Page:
On the second to last day of travel we arrived in Padua, situated in the Veneto region (centre-north of italy) and participated in the “Welcome Festival – Arcella Edition”: a cultural initiative organised by different associations active in the city such as Xena – Centro Scambio Dinamiche Interculturali and Gasparorto. The festival offers in the Arcella neighborhood of Padua two weeks of events, workshops, talks and interactive activities related to the themes of hospitality and community. The events are carried out in collaboration with migrants,refugees, European volunteers of the EVS Welcome project and local volunteers. They are moments designed to raise awareness and information on the different aspects of the migration issue, open spaces to contain a dialogue on identity and intercultural encounter.

In this context we, as the Mediterranean Route, participated in organising an Urban Walk or City Walk. This facilitation technique represents a tool for informal exploration, a fun moment of infield exchange and dialogue that, in the presence of one or more expert guides (anthropologists, town planners, locals as “privileged witnesses”, etc..), allows people to reflect on significant places in a neighbourhood or territory and around meaningful issues that interest the community.

In our version, the “expert guides” were the participants themselves, who were guiding each other through an exploration of their beliefs, experiences and challenges that they have faced on the topic of “mobility, migration and borders”. The added value of the City Walk (from other meaningful dialogue techniques) is that it integrates the different points of view with an embodied experience of the addressed topic, in this case, overcoming borders. The participants to the event were around 20 people and were encouraged to engage in meaningful conversations, while moving through symbolic areas of Padova. 

We started our walk in Piazza Gasparotto, a hidden square in the city near the train station, that for years has been abandoned and that now is being revitalized through the different projects of Piazza Gasparotto LAB+. After an introduction of the Transeuropa Caravans’ project, our journey, the partnerships and resources that we’ve built along the way, we asked the participants to pair with someone they didn’t know and, while walking, interview each other on the topic of “Who are you and why are you here today?”. This question introduced the topic of encounter, upon which participants were asked to reflect started looking at their own personal experience.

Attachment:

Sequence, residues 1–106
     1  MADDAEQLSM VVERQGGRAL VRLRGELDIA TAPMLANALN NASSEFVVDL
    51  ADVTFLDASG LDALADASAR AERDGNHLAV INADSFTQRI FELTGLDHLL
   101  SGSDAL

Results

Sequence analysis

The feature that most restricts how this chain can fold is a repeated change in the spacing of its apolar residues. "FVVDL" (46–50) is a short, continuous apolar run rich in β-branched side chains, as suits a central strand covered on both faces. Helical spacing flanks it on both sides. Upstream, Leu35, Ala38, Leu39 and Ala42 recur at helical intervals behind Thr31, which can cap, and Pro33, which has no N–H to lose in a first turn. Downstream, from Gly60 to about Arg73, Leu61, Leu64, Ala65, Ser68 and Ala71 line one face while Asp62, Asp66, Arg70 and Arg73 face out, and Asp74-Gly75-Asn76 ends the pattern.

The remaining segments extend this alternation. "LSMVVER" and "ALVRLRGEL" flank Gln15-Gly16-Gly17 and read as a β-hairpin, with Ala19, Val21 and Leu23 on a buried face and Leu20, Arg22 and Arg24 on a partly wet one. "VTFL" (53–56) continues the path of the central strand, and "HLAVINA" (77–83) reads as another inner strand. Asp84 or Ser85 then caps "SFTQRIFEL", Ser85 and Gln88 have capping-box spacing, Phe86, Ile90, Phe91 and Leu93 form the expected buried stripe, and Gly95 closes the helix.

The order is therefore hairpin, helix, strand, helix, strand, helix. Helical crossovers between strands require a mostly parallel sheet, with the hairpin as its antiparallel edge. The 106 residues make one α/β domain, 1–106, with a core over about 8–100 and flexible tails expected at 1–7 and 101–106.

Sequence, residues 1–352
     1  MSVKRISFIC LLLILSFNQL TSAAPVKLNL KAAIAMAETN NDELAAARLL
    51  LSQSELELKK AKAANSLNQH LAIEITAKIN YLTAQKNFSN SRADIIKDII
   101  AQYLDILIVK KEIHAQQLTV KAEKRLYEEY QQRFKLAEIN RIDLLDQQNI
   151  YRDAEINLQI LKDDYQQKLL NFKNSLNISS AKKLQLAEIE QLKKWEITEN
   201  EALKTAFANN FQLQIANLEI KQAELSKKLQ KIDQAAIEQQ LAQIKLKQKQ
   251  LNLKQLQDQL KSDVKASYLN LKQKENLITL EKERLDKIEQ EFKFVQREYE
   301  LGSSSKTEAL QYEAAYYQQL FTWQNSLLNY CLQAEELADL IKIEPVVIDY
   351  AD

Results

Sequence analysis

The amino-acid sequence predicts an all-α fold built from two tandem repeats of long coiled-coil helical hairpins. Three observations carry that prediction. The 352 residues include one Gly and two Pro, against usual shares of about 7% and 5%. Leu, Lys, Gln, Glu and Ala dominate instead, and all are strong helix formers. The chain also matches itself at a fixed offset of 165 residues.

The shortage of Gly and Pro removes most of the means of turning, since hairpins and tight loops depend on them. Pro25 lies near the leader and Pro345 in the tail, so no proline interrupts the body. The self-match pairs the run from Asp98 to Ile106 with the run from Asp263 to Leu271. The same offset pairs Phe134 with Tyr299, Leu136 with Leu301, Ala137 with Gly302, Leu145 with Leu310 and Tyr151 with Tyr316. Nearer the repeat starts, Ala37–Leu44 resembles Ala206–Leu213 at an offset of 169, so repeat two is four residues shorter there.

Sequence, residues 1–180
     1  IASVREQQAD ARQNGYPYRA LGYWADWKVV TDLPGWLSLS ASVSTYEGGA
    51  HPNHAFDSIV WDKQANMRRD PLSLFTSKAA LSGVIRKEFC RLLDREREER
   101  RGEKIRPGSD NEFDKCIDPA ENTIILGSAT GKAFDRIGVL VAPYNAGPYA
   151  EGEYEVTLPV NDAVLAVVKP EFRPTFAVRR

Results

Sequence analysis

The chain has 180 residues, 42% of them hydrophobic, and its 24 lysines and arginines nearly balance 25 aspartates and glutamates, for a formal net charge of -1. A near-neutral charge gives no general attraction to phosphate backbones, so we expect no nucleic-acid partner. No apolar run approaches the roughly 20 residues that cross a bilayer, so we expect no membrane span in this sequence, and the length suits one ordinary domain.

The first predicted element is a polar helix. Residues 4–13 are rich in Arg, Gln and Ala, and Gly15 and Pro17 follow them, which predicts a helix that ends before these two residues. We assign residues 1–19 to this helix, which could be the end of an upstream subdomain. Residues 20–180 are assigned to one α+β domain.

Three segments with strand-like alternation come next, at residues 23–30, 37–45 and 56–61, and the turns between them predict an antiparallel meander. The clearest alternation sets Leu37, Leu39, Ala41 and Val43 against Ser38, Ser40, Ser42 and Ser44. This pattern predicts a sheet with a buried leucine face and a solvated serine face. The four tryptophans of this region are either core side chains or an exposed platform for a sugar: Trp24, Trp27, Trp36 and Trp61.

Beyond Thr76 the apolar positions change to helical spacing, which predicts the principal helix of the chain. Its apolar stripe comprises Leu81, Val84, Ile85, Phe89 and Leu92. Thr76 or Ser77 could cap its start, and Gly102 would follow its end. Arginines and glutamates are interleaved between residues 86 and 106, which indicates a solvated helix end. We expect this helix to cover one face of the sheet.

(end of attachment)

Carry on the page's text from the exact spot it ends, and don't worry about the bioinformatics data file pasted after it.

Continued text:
The next stop, connected with the topic, was the railway station, chosen for two reasons: as every other station in fact, it embodies the meaning of encountering differences, of getting in touch with the new or rejoicing the already known and on the other side, its marks an artificial border in the city of Padova, dividing the rich center on one side, from the most populated neighborhood of Padova – the Arcella neighborhood – that is also the one with the highest percentage of foreigner resident citizens.

The Arcella neighborhood has suffered for years of the stigma due to its multiethnic and multicultural component and this is why we wanted to cross the border of the station and to move into this neighborhood, to symbolically overcome this invisible borders in the city.

At the train station, we asked the participants to share with each other in (new) pairs a moment in which they felt that they had overcome a border (be it visible or invisible).

In the harvesting part of this exercise, many interesting points of view emerged, such as:

not only the hardship of moving to a new country and adapting to a new environment, but also coming back in your home country after months or years abroad, “feeling like a foreigner at home”. Other concepts that rose from the exchange ranged from overcoming personal borders such as challenging oneself to step out of their comfort zones to the barriers represented by new languages or the fear and challenges related to papers and documents, so overcoming bureaucratic borders to be in a country.

These insights allowed us to share with the participants the resources that we gathered on the Transeuropa Caravans project, before asking them the final question: 

What do you earn from an encounter? Share a story of an encounter that left a trace in your life / a change, a reflection. This last round of reflection took place in the Arcella neighborhood, since we had crossed the “train station border” while exchanging experiences about overcoming borders. The particular area we ended the tour in was the “Piazzetta Buonarroti”, an unofficial square not indicated in the maps, but that was created informally through the meetings and daily exchanges between residents of the place. It was the perfect symbol to frame how new encounters shape our lives and the places we live in.